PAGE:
Added to this dilemma was a spiritual wild card. While Americans today would probably define communism as a political or economic philosophy, decision-makers in the 1940s and 1950s viewed it as a quasi-religion. It had prophets and prophecy, missionaries and martyrs, and a belief in the ultimate perfectibility of mankind through inevitable historical process.
National-security analysts fretted over the almost “messianic” devotion of Soviet citizens. Military leaders worried that physical force alone might be insufficient in the emerging Cold War. “Over and over again, gigantic concentrations of physical power have gone down in defeat before a lesser strength propelled by conviction,” warned one brigadier general in 1949. “The Goliaths have perished at the hands of the Davids.”
President Harry S. Truman decided to run the risk of America maintaining a sizable standing military. But to many, his cure looked worse than the disease. In 1938, only one in five servicemen was younger than 21. Ten years later, soldiers under 21 made up more than half the military and accounted for 70 percent of all enlistments. America’s new standing army was regarded as puerile, impressionable and naïve.
Military leaders wondered if they stood on the verge of creating a potential Frankenstein’s monster. Their plan needed a fail-safe. So they decided not to pull the plug on their monster — but to give it a soul instead. To this end, religion became indispensable.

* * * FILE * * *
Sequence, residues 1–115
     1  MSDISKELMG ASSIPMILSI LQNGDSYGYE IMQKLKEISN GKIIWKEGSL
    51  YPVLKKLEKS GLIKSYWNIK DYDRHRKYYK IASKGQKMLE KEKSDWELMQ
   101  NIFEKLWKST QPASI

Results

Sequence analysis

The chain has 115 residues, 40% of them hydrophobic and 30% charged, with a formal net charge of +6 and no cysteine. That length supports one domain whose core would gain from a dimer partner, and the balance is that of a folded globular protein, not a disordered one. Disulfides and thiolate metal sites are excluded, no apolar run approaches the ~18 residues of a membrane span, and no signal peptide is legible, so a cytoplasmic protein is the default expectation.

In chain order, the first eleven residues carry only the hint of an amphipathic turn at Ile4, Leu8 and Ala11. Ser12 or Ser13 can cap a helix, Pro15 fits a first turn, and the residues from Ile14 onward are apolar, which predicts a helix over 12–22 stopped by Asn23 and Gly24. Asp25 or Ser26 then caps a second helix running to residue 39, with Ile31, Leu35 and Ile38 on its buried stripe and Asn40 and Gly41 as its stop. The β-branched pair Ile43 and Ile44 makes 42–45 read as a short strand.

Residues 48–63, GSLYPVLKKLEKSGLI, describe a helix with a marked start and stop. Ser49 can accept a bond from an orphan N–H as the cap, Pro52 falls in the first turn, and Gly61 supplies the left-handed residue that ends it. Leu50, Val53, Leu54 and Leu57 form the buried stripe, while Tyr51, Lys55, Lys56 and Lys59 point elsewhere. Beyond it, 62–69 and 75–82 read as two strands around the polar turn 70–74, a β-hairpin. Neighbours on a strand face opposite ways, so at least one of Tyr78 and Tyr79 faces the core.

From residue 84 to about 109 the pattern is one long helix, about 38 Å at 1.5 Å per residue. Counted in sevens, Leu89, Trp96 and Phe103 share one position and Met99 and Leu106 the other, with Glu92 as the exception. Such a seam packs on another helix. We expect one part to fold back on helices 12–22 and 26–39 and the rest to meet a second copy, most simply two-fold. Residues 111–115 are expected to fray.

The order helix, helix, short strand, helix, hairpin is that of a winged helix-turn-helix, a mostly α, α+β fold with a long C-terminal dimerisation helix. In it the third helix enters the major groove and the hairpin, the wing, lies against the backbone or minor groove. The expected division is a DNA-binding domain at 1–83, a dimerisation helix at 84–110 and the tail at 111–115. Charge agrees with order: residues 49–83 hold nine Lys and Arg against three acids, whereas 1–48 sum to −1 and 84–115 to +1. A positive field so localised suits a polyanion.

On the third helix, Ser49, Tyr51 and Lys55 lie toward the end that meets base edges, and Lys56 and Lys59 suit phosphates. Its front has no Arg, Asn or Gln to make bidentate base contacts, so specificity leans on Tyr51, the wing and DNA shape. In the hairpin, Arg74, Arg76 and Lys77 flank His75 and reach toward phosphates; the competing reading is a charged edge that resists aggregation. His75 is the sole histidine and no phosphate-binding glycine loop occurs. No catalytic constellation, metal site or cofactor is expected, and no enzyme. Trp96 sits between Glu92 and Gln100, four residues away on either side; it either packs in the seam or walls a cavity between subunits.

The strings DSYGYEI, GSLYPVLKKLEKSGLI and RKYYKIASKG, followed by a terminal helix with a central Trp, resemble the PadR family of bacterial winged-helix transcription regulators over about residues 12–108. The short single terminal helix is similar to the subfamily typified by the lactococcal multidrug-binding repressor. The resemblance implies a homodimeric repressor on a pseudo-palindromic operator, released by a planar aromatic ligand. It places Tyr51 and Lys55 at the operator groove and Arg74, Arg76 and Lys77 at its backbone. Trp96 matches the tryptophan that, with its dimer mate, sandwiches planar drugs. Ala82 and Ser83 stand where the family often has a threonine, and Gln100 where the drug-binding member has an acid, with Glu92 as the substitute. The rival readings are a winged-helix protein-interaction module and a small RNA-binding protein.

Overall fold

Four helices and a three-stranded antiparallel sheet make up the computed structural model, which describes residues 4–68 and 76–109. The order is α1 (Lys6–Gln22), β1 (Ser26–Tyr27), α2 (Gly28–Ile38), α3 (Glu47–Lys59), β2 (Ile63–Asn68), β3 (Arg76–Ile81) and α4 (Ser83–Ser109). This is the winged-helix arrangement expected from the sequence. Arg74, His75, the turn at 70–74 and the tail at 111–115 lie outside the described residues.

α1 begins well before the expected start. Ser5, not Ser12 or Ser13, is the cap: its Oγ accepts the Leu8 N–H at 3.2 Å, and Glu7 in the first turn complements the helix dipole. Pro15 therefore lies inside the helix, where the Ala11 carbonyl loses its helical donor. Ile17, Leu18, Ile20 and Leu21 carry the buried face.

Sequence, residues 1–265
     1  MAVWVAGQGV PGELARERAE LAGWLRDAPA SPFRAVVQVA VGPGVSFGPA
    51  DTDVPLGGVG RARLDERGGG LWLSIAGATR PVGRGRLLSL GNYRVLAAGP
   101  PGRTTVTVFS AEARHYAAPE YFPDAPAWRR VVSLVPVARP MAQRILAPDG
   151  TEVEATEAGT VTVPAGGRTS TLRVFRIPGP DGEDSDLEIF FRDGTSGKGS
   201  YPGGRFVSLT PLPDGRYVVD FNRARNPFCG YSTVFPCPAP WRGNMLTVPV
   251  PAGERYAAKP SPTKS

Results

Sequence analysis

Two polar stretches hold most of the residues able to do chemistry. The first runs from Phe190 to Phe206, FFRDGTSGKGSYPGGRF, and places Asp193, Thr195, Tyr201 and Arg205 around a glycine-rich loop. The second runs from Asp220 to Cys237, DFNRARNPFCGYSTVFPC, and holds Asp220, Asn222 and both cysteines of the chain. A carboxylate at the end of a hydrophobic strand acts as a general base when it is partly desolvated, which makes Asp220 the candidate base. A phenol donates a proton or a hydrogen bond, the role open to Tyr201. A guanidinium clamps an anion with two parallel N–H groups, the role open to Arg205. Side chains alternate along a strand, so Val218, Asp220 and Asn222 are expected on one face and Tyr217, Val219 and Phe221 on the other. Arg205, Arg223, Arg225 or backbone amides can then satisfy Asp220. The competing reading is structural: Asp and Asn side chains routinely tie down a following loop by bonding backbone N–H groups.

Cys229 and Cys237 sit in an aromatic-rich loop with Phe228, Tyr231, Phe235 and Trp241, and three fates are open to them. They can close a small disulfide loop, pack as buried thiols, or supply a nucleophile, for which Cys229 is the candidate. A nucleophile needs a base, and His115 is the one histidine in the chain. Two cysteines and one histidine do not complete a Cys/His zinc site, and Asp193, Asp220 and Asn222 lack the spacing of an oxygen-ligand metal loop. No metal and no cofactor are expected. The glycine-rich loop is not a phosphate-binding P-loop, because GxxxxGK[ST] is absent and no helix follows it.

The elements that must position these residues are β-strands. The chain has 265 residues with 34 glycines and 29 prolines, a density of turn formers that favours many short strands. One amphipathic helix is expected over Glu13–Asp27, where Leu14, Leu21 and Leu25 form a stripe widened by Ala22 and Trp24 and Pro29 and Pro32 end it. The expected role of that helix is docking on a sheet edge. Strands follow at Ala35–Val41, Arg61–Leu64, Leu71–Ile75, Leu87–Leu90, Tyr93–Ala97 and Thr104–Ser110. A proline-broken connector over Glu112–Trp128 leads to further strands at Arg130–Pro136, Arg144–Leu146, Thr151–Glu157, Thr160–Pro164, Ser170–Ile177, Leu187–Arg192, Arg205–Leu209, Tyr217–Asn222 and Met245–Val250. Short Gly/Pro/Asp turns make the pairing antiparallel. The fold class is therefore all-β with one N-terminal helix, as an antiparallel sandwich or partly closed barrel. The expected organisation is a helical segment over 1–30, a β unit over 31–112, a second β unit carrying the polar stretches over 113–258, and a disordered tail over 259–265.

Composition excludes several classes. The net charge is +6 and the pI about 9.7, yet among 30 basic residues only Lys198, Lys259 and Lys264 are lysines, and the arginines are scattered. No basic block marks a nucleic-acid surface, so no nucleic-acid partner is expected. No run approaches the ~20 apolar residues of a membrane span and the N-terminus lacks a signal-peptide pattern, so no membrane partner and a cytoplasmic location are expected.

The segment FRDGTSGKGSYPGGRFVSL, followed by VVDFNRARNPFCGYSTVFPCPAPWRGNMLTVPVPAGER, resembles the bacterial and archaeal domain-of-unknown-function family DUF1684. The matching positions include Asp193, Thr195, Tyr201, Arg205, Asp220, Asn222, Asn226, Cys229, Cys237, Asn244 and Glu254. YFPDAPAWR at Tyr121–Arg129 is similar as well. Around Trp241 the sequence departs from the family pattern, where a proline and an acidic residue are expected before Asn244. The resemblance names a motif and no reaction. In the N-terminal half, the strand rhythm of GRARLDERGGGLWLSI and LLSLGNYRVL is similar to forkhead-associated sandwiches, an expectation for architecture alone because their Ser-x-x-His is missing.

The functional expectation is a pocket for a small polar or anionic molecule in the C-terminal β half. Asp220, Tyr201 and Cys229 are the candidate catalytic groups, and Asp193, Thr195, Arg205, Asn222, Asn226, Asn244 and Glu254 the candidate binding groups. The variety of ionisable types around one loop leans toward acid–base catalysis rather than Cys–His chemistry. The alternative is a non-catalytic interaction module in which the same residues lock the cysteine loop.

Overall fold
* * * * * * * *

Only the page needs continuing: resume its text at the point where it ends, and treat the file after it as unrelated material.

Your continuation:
Military leaders vigorously blended the martial with the sacred to foster virtue and create spiritual warriors immune to the siren songs of communism. In the Fort Knox Experiment of 1947, the army toyed with the idea of simultaneously running new recruits through a physical and religious boot camp. Though this proved too blatantly unconstitutional for Army-wide adoption, the “Fort Knox methods” lived on in the Army’s commitment to develop the spiritual side of its troops.
Truman thought so highly of this mission that, one year later, he created the President’s Committee on Religion and Welfare in the Armed Forces, the first presidential commission devoted to religion. Its members designed campaigns to encourage soldiers to attend church; to urge local religious groups to invite servicemen to their congregations; and to revitalize the military chaplaincy.
While the military brass had no stomach for mandatory religious services, it did authorize, beginning in the late 1940s, various “character guidance” programs run by the reorganized chaplaincy. New recruits attended a minimum of six hours of chaplain lectures on such topics as the sacredness of marriage, the relationship between democracy and religion, and the dangerous faith of communism. All other personnel had to attend similar lectures once a month.
Among other things, soldiers learned that in the Cold War, the United States, a “covenant nation” due to its reliance on God, confronted the “demonic nation” of the Soviet Union. In a contest between God and Satan, military leaders bet on the home team.
This was tame compared to the religious programs of the newly independent Air Force. Under Maj. Gen. Charles I. Carpenter, the Air Force project consisted of lay retreats, on-base preaching missions by religious groups and the confiscation of obscene materials.
Carpenter also believed in the power of religion to solve the personal problems of Air Force personnel. Consider one case cited by a U.S. Air Force report. A military surgeon reported treating an airman suffering from a nervous breakdown. The diagnosis: neurosis stemming from religious confusion. The prescription: a session with the base chaplain, who set up a “systematic plan” of religious treatment.